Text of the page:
When you get into these hardcore systems, your perspective on mitigation changes. You could never have a straw that breaks the camel’s back, because you’re clear and sound. Everything is incoming, so as it comes in, it’s just a matter of managing it rather than all of a sudden, “It’s SO much, what do I do?” It’s deep human optimization on a whole ‘nother level.
And again, I go back to how this is all connected to an entire life system where I look at my life multi-dimensionally and have built basically a pathway to what is my ideal life. I designed my ideal life in 2015 and set out on my journey to live it in 2016. And it was a 10- to 20-year plan, and I’m like 75% of the way there [already]. But because I have all this data and it’s gamified, what it is … it’s not even discipline, it’s just how I live.
Admittedly, if somebody tried to describe what you just showed to me, out of context, it would sound flat-out insane. But you walking me through it, I feel like it tracks.
When I get to talking about it, I get energy from talking about how fucking crazy I am. “Here’s the system and this is where to go, this is what it’s turning into.” Eventually I’ll want to share it at scale. I call it “inspiring the inspired” because you already have to want to get to another level for it to even be practical.
Because life comes at you, you start eating shitty, drinking more, stress, things are coming at you, you just end up … listen, it took me many years of applying the system before I got to this psycho level. What I’m trying to do long-term is find simplicity on the far side of complexity to share with people. How can you apply a super simple version of this rather than this chaos version that I’m in?
My goal is, I’m doing a book right now called Machine Mindset. And ultimately, I really just want to show the process of defining who you are, what you do and how you live into a plan. So that if you just look at your life multi-dimensionally and build a plan for your life, that’s how you find natural balance and happiness. And then what the benefits of automation can be, and systematizing, because ultimately, you just want your life to be effortless. That’s where actually the most energy actually comes from. So that’s the next major project that I’m going to drop at some point.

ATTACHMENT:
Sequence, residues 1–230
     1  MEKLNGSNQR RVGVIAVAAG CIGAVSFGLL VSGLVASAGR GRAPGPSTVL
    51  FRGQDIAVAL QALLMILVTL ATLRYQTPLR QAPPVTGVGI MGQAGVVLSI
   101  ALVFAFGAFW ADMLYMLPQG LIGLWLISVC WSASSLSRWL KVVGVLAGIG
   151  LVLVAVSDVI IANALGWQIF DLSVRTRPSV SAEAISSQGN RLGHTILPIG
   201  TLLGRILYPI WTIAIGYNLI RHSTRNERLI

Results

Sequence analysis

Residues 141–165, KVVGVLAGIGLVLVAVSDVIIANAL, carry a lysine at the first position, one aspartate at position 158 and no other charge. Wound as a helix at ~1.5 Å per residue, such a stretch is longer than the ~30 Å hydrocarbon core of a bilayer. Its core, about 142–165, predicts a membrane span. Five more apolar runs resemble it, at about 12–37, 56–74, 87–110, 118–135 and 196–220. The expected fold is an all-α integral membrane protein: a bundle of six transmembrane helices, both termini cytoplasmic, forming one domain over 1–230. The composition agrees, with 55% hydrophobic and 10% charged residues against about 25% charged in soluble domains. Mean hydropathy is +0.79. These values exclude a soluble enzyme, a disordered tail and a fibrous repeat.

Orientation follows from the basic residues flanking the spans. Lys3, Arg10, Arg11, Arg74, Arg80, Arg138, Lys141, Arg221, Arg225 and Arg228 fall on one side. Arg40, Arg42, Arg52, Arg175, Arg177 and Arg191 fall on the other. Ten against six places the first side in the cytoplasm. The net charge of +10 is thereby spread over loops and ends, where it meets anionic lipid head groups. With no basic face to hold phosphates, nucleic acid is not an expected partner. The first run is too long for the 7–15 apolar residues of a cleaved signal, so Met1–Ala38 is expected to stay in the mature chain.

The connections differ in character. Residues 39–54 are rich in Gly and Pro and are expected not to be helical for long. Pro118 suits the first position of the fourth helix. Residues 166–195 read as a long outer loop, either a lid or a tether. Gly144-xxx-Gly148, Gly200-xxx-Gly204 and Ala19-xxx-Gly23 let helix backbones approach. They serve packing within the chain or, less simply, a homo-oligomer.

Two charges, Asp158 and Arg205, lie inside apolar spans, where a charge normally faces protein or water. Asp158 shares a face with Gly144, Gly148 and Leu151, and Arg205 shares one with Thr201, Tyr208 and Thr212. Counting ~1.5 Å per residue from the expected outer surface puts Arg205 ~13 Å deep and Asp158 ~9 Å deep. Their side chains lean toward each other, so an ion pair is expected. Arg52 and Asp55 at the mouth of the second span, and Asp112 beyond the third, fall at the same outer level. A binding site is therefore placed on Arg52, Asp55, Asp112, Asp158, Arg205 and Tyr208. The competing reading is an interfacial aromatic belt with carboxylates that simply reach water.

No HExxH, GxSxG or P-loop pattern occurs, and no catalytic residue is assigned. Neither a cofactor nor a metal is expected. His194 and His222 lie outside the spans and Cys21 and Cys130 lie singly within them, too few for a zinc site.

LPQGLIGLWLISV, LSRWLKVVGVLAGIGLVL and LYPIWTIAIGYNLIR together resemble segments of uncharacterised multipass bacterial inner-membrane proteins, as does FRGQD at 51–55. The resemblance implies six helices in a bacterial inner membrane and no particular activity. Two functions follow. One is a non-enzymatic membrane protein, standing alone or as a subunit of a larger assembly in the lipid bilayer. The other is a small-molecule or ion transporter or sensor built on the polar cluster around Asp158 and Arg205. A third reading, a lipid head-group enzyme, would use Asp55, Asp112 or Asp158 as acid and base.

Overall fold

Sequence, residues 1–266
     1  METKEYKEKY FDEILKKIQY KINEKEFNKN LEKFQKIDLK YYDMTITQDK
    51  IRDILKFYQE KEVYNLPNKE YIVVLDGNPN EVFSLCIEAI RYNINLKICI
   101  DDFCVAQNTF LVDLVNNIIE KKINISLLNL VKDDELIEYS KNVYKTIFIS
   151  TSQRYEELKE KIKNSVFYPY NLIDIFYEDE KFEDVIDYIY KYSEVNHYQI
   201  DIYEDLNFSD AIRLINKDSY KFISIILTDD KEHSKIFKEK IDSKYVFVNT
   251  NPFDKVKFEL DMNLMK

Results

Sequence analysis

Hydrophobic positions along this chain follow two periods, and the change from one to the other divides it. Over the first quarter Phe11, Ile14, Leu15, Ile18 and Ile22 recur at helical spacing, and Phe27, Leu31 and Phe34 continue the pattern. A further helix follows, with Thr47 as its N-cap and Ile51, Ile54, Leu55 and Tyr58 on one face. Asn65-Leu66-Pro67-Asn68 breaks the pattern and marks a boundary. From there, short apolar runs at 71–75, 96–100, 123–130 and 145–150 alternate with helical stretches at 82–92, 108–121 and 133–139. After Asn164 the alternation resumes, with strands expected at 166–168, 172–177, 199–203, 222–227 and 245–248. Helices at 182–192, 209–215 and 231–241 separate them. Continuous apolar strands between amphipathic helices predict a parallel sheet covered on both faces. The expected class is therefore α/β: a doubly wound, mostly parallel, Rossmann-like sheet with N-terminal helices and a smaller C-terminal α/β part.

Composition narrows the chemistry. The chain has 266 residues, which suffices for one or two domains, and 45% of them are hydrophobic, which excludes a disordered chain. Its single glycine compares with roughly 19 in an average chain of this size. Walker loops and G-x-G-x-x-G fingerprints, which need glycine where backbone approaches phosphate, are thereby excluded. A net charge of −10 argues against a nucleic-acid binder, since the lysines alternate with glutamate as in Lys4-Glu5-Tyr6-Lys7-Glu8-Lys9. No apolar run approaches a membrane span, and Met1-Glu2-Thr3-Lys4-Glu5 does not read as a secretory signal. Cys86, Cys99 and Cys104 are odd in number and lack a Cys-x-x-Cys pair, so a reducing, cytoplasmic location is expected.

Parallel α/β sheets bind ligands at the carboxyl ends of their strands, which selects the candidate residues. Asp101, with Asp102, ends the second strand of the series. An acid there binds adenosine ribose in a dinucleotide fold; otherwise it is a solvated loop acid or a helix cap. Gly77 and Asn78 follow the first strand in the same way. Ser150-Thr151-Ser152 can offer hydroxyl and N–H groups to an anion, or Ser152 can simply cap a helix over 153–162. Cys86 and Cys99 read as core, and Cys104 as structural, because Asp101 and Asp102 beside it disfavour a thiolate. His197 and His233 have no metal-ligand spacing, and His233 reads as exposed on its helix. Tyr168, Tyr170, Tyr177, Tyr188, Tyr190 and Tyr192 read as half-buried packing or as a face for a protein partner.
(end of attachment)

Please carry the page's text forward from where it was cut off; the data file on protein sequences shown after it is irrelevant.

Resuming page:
Do you ever find time to skate anymore?
Oh, look, this could be an hour-long conversation unto itself, but I’m only going to give you the top line, which is that I started having a doctor come to my house every single day for five days a week and all I wanted to do is re-engineer my biomechanics. Again, it was part of my plan five years ago. I want a flawlessly functioning body. That was one of my goals in health. And I had to learn, “Okay, how can I test that?” And that’s where NeuroKinetic therapy came in, where you can test muscle functionality.
I’m just on the edge of having flawless biomechanics and the pain-free, fluid-flowing body of a 17-year-old boy, and then I will begin to skate again. I think it’ll probably be another year and a half, but then I will get to live the entirety of my existence as just this rubbery, fluid old guy that can fucking get up and go and fucking cut on a dime and not blow a fucking knee or pull a hammy.
Now I fully understand why Tom Brady can be Tom Brady, based on what this system is. To me, eventually it’ll be the biggest thing that I ultimately do. I’m going to try to create that sort of path to human functionality at the highest level. My greatest contribution will be the therapy that I design and develop and create that is, again, the simplicity on the far side of complexity.
Deep, Danny. Just took you down another rabbit hole.